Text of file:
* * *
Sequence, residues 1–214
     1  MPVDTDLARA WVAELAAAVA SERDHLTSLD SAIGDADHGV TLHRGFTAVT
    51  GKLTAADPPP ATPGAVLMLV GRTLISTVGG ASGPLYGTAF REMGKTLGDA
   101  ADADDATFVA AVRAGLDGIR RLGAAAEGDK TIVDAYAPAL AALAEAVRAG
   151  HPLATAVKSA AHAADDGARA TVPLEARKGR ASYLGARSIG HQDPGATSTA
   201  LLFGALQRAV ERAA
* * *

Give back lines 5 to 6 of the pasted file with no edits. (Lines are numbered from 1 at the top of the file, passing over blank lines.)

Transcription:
   151  HPLATAVKSA AHAADDGARA TVPLEARKGR ASYLGARSIG HQDPGATSTA
   201  LLFGALQRAV ERAA